While running away from attraction or ignoring it may come out of a desire to be prudent, denial is more serious in that it is a form of untruthfulness. There are three different types of denial that I address here: denial of the existence of the attraction, denial of the attraction's significance—perhaps calling it something else—or denial of the significance of the person to whom one is attracted.
The first two types of denial can lead us, mistakenly, to abdicate responsibility. After all, something that does not exist or that is insignificant requires no definitive action on our part. This is why denying an attraction can result in carelessness and imprudent behaviour.
If Charlie lies to himself about the attraction, saying that it doesn't exist, he may make excuses for doing certain things that, had he acknowledged it, he wouldn't. For example, he may spend more time in his boss' company than necessary: after all, what is the harm if there is nothing going on? Or, if he acknowledges the attraction but calls it something other than what it is, saying, for example, that he and his boss are just "really good friends," he will justify and actually defend behaviour that would otherwise be considered imprudent. If he is lying to himself, he will probably also lie to his wife, even if it is just in the form of mild excuses, perhaps as to why he is distant or distracted. Even if no inappropriate relationship develops between Charlie and his boss, simply by denying the truth of his attraction or its significance, he will have put himself in a position that limits his ability to remain faithful to his wife, and thus weakens their union, even if it is barely perceptible.
The third type of denial goes so far as to deny the significance of the person to whom we are attracted. (There is a fourth type, which would consist of denying the actual existence of a person, but then we have crossed into the realm of utter insanity, which is beyond the scope of this article, and beyond my capacity, as my personal experience lies in dealing with insanity of only mild proportions.) In the case of Charlie, he may reduce his boss in his mind to less than who she is by denying her worth or seeking faults in her in order to be able to more "reasonably" dismiss her. Not only is this uncharitable toward his boss, but it is also a violence to himself by reducing or denying his experience of that person, an experience that God is allowing and which, as mentioned, is in and of itself good and, in fact, a gift.
Like avoidance, rejection, which is really an expansion or more explicit form of denial, is reasonable if it is of something that is truly evil. Yet neither attraction nor the subject of the attraction is evil; in fact, both are good. If that which is good is a reflection of the Creator, we cannot be asked to reject it; that is unreasonable. In fact, one of the reasons we may find attraction hard to dismiss is not only due to powerful feelings of affection but also because anything that reflects the Creator draws us; we are, after all, made for Him. As with avoidance, it is difficult to reject attraction without also rejecting in some way the person who attracts us.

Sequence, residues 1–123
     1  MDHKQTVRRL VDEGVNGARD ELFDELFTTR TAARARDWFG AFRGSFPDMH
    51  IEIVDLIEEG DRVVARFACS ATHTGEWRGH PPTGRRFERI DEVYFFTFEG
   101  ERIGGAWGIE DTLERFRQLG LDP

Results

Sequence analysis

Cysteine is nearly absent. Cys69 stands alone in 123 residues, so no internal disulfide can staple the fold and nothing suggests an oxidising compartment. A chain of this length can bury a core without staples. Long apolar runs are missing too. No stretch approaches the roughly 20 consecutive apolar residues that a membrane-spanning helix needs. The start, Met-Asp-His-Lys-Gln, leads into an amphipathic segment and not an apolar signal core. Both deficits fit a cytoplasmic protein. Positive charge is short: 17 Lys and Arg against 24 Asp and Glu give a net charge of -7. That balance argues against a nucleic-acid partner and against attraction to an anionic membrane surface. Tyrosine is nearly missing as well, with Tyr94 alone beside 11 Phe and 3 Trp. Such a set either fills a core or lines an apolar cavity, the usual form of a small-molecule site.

In our example with Charlie, his rejection of the attraction he experiences would likely cause him to resent and reject his boss, and perhaps treat her coldly. He may even begin to treat all women this way, treating them as potential threats, which is decidedly uncharitable and unjust. Even if his rejection is only in his thoughts, he will be practising saying no to the existence and significance of a human being, and this is a form of violence.
5. Giving in
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Giving in and pursuing an attraction that we are not free to pursue is to lose sight of our destiny, which is union with God. It is an indication that we have a truly impoverished understanding of God and His will (i.e. that all things work together for His glory for those who love Him, even those things that would 30 Faith In Our ComMon Life appear to be distractions). If He calls you clearly to something, yet allows you to encounter something else that draws you, what does this mean? Surely not that He is capricious and has changed His mind, but rather that He intends for that encounter to serve your call. If this is not true, we must conclude that serving God through our call with any sort of faithfulness is an impossible task as there will always be other things that will, if only for a time, attract us more. If this is the case, Christianity is unrealistic idealism. Indeed, without an understanding and affection for destiny—our unity with God—it is understandable to see it as such.